Modern groups which look to the Polish Brethren include the Christadelphians and CoGGC. Although Christadelphians had since their origins in the 1840s always looked for historical precedents, the group was unaware of closer precedents in Socinianism. This changed with a series of articles in the community magazine during the early seventies subsequently published. [4] [5] The Polish arm of the Christadelphians use the name Bracia w Chrystusie in a conscious echo of Socinian precedents. The Atlanta Bible College of the CoGGC also publish a Journal continuing research into the Polish Brethren and related groups. [6]

See also

Notes

  1. Hewett, Racovia, pp. 20–21.
  2. Hewett, p. 24.
  3. Snobelen, Stephen D. (1999). "Isaac Newton, heretic: the strategies of a Nicodemite" (PDF). British Journal for the History of Science. 32: 381–419. doi:10.1017/S0007087499003751.
  4. Eyre, Alan, The Protestors, Birmingham 1975
  5. Eyre, Alan, Brethren in Christ, Adelaide, 1983
  6. Journal for The Radical Reformation, archived from the original on 2010-07-02

Related Research Articles

Unitarianism is a Christian theological movement named for its belief that the God in Christianity is one person, as opposed to the Trinity which in most other branches of Christianity defines God as one being in three persons: the Father, Son, and Holy Spirit. Unitarian Christians, therefore, believe that Jesus was inspired by God in his moral teachings, and he is a savior, but he was not a deity or God incarnate. As is typical of dissenters, Unitarianism does not constitute one single Christian denomination, but rather refers to a collection of both existing and extinct Christian groups, whether historically related to each other or not, which share a common theological concept of the oneness nature of God.

Socinianism Christian doctrines taught by Lelio and Fausto Sozzini

Socinianism is a system of Christian doctrine named for Italians Lelio Sozzini and Fausto Sozzini, uncle and nephew, respectively, which was developed among the Polish Brethren in the Minor Reformed Church of Poland during the 16th and 17th centuries and embraced by the Unitarian Church of Transylvania during the same period. It is most famous for its nontrinitarian Christology but contains a number of other unorthodox beliefs as well.

Johannes Crellius German theologian

Johannes Crellius was a Polish and German theologian.

Fausto Sozzini Polish-Italian theologian

Fausto Paolo Sozzini, also known as Faustus Socinus or Faust Socyn (Polish), was an Italian theologian and founder of the school of Christian thought known as Socinianism and the main theologian of the Minor Reformed Church of Poland.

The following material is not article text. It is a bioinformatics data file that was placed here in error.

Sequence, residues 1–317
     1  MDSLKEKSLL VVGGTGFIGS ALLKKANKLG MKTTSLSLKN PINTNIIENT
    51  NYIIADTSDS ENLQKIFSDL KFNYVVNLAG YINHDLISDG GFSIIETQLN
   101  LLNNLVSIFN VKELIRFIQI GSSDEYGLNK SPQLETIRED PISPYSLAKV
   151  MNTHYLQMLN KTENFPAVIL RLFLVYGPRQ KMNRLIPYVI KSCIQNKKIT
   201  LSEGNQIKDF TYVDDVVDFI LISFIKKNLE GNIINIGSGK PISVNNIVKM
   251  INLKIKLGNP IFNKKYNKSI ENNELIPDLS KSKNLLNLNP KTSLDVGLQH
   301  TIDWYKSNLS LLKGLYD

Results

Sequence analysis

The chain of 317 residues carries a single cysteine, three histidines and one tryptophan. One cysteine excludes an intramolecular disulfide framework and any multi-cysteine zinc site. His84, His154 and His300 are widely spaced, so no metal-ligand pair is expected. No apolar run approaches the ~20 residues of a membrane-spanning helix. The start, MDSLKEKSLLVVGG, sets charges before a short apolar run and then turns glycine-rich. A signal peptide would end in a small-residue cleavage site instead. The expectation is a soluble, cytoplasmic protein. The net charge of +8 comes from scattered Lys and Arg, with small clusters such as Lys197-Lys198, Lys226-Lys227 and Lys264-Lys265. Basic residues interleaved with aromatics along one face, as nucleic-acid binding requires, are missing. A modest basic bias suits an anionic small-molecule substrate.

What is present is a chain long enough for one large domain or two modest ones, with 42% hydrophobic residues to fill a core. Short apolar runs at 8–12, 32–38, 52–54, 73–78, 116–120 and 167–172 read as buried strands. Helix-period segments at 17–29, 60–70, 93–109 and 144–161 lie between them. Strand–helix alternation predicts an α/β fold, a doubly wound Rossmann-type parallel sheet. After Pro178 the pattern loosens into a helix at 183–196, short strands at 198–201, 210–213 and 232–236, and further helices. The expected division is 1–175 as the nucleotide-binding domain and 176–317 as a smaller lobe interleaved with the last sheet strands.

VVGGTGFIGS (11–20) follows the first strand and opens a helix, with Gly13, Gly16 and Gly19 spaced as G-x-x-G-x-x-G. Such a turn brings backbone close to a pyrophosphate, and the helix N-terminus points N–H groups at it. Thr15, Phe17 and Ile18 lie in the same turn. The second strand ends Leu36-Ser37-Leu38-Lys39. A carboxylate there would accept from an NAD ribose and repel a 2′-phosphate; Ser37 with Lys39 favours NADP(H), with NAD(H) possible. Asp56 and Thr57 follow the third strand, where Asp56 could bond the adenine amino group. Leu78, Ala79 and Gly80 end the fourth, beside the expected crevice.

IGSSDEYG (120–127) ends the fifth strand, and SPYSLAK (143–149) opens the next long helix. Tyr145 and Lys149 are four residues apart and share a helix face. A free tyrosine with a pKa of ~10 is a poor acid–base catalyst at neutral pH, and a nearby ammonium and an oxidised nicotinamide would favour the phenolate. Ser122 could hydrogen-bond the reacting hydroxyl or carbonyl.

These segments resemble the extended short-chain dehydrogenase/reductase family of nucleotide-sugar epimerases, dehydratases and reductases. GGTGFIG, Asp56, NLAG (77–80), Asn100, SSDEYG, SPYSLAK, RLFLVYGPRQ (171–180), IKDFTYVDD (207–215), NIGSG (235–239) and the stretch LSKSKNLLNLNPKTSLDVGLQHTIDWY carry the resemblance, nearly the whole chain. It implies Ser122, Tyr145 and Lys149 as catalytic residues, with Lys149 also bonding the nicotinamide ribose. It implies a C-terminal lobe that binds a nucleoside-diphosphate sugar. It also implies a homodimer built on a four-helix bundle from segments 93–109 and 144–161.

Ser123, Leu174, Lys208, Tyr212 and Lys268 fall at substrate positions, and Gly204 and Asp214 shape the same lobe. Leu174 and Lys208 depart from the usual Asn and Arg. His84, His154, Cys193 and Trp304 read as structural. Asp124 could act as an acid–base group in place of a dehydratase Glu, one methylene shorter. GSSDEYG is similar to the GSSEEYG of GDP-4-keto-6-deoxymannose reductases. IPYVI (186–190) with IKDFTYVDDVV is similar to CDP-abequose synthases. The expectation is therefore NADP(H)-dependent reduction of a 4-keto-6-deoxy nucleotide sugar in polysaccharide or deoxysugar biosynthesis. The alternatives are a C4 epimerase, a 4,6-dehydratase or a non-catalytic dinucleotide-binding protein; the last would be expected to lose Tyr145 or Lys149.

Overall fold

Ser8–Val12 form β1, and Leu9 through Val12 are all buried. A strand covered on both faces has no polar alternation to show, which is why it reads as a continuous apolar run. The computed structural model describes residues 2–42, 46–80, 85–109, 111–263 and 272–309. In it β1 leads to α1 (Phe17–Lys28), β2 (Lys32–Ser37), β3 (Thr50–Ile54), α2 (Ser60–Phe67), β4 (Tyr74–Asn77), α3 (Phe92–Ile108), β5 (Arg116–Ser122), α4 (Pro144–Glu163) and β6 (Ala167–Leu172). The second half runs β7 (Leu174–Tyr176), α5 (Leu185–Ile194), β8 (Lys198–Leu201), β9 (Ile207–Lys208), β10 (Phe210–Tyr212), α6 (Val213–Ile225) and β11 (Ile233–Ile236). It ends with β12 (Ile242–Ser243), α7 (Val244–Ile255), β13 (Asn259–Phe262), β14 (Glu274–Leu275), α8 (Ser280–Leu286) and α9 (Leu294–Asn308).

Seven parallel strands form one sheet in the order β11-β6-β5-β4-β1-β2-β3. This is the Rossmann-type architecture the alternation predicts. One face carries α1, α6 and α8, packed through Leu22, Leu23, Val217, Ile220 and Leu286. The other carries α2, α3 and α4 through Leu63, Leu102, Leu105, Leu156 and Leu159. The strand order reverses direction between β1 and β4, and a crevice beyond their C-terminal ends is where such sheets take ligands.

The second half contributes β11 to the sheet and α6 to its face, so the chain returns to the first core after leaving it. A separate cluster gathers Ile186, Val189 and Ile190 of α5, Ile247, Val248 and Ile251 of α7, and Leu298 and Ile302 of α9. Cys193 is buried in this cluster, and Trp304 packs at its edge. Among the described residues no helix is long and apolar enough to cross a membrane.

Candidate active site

Raków, Kielce County Village in Świętokrzyskie Voivodeship, Poland

Raków is a village in Kielce County, Świętokrzyskie Voivodeship, in south-central Poland. It is the seat of the gmina called Gmina Raków. It lies in historic Lesser Poland, approximately 39 km (24 mi) south-east of the regional capital Kielce. The village has a population of 1,213.

The Racovian Catechism is a nontrinitarian statement of faith from the 16th century. The title Racovian comes from the publishers, the Polish Brethren, who had founded a sizeable town in Raków, Kielce County, where the Racovian Academy and printing press was founded by Jakub Sienieński in 1602.

Piotr of Goniądz Polish theologian

Piotr of Goniądz was a Polish political and religious writer, thinker and one of the spiritual leaders of the Polish Brethren.

Symon Budny Belarusian and Polish humanist

Szymon Budny or Symon Budny was a Polish-Belarusian humanist, educator, Hebraist, Bible translator, Protestant reformer, philosopher, sociologist and historian, active in the territory of the Polish-Lithuanian Commonwealth. He was one of the first to promote the development of Belarusian culture in the Belarusian language. He was one of the leaders of the Polish Brethren.

Martin Czechowic (c.1532–1613) was a Polish Socinian (Unitarian) minister, Protestant reformer, theologian and writer.

Grzegorz Paweł z Brzezin (1525–1591), was a Socinian (Unitarian) writer and theologian, one of the principal creators and propagators of radical wing of the Polish Brethren, and author of several of the first theological works in Polish, which helped to the development of literary Polish.

Andrzej Wiszowaty Sr. was a Socinian theologian who worked with Joachim Stegmann (1595–1633) on the Racovian Catechism of 1605, and taught at the Racovian Academy of the Polish Brethren.

Joachim Stegmann Sr.(Potsdam 1595 - Cluj-Napoca 1633) was a German Socinian theologian, Bible translator, mathematician and rector of the Racovian Academy.

Racovian Academy

The Racovian Academy was a Socinian school operated from 1602 to 1638 by the Polish Brethren in Raków, Sandomierz Voivodeship of Lesser Poland. The communitarian Arian settlement of Raków was founded in 1569 by Jan Sienieński. The academy was founded in 1602 by his son, Jakub Sienieński. The zenith of the academy was 1616–1630. It was contemporaneous with the Calvinist Pińczów Academy, which was known "as the Sarmatian Athens". It numbered more than 1,000 students, including many foreigners. At this point it is estimated that ten to twenty percent of Polish intellectuals were Arians.

Samuel Crell-Spinowski was an Arian philosopher and theologian, pastor of the church of the Polish Brethren.

Krzysztof Crell-Spinowski was an Arian theologian, pastor of the church of the Polish Brethren.

Krzysztof Morsztyn Sr. Founder of the Polish Brethern Community

Krzysztof Morsztyn Sr. (1522-1600) of the Leliwa coat of arms, was founder of the Polish Brethren community in Filipów in 1585.

Piotr Stoiński Jr. (1565-1605) was a Polish Socinian Unitarian writer.

Karol Grycz-Śmiłowski was a Polish Lutheran priest who sought to reestablish the Polish Brethren of the period 1565-1658.

The Synod of Skrzynno 24 June 1567 was a synod between the Arians and Socinians among the Antitrinitarian Polish Brethren.

The Bibliotheca Fratrum Polonorum quos Unitarios vocant or Library of the Polish Brethren called Unitarians 1668 is a collection of writings of the Polish Brethren published by Frans Kuyper, Daniel Bakkamude, and Benedykt's father Andrzej Wiszowaty Sr. (d.1678) in Amsterdam, with Pieter van der Meersche in Leiden.

References

Further reading